So, if we waive for a moment the question of ethics and morals, and simply go to the point where "responsibility" means "being aware of all the needs of oneself in order to maintain one's existence", then I propose that the role of the composer is to retard the decay of the system. The decay of the system is here not meant to be a purely biological fact, like getting older or becoming redundant, but is connected a little bit with the loss of information that prevails whenever one explores a system. The more one knows about it, the less there remains to be known. So that the curiosity for exploration decreases with age. In order to retard that decay of curiosity---this decay of delight in exploration---the composer stipulates certain configurations he calls "new systems', says about them that for him (and if possible for his society) these are unexplored systems (with other words, in a kind of disorder or chaos) and proceeds to systematically order it by exploring it and documenting the traces left by this exploratory process. These are then compositions, sometimes.

I want to hurry to say that there is no guarantee (actually in my language there's no hope) that one can stop the decay, but one can retard it; that's all we can do, being ourselves members of nature; and nature being the history of decay, we fall under that verdict. However, our attitude to this situation is one of protest and rebellion. So the composer is the resisting member of the law of nature. He falls under that law rebelliously, under protest.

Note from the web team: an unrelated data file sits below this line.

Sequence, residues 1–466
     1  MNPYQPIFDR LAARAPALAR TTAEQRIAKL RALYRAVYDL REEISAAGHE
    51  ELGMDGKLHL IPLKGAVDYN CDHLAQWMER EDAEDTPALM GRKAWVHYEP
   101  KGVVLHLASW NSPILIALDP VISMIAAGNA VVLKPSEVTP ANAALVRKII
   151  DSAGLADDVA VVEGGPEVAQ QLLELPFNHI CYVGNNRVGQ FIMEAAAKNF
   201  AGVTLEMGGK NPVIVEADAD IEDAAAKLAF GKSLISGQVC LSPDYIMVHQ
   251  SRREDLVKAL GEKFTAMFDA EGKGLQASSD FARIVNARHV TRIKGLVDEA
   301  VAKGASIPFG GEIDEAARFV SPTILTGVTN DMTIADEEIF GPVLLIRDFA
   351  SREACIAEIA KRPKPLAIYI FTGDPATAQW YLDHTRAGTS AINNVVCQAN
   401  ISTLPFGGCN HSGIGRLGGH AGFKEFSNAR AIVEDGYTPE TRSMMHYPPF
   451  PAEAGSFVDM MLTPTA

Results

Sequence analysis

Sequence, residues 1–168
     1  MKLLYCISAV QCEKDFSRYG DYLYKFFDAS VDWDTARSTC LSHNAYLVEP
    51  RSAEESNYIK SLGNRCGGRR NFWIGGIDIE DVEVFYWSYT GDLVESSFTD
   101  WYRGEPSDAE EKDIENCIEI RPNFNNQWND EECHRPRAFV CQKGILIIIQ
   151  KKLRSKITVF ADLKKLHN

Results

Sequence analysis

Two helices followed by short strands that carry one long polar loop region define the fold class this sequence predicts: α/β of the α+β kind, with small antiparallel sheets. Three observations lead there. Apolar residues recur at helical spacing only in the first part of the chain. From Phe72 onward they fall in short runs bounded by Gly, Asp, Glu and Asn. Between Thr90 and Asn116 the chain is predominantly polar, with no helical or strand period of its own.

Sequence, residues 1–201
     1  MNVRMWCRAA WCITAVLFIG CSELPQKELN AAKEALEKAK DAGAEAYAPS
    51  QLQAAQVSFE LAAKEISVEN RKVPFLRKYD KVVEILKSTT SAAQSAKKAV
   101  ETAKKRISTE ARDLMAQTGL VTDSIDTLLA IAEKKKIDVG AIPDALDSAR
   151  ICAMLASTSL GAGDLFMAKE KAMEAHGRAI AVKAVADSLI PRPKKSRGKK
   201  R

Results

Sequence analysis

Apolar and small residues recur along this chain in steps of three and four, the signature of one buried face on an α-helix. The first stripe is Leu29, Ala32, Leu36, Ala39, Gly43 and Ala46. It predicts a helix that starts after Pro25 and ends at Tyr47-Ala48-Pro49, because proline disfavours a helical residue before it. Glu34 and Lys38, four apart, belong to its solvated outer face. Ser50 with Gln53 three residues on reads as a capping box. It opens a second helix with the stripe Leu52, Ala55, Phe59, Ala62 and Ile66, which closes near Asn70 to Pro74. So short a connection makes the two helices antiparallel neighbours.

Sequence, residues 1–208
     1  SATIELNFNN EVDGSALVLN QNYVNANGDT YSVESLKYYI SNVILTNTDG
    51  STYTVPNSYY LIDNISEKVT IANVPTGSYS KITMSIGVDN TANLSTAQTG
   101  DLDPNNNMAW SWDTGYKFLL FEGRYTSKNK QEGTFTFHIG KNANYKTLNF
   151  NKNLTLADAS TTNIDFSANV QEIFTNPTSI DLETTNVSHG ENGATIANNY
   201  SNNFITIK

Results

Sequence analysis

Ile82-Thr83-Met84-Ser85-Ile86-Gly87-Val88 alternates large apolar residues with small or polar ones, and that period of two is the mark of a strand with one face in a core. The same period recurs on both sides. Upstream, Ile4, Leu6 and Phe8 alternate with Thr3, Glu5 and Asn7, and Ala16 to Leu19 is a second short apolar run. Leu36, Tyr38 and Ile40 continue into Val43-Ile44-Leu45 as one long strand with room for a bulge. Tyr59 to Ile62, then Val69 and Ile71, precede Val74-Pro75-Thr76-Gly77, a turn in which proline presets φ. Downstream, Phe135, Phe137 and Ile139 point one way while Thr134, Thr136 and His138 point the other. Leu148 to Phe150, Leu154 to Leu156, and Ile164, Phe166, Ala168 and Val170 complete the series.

The term "responsibility" can now be expanded a little bit to the following extent. If a composer takes a political view of his role in society, he may see that a certain lack of new orders is not only threatening his own system, his ego, his biological existence, but the biological existence of his neighbors and contemporaries. He may say that this society as it sees itself, will now not give any more new answers to repeated questions. It needs an input which will change it just that much that the next time a certain set of questions is asked, it will give new answers. Then he may consider himself as being responsible to provide for that input. And that would then connect the term `responsibility" of a composer with the definition of what a composer is.

O.K. Can a composition be interesting and desirable as a personal statement, but undesirable socially? How do you deal with this kind of conflict? Whom are you responsible to first?

You are a composer; and you know exactly what you are talking about; and I'm afraid we will have to go very cautiously about that subject. The desirability of an otherwise flawlessly generated input, could be measured, ( could be measured; I am cautious as I promised) by the degree to which it is affirmative of the state of affairs before the composer generated his input. I tend to say that while you ask these questions of me, this is a particular time in which I tend to say that the responsibility of the composer is to the non-affirmation of the state of affairs to which he thinks he needs to give an input. His input should be directed against the state of affairs and not for it. It must be critical, it must be rebellious, and it must be negative. That does not mean that the content of his message be all the time negations; he can make his negative statements in a very affirmative way. It should not be affirmative of that state of affairs that needed his input in order to change into another one. Otherwise he defeats his own purpose.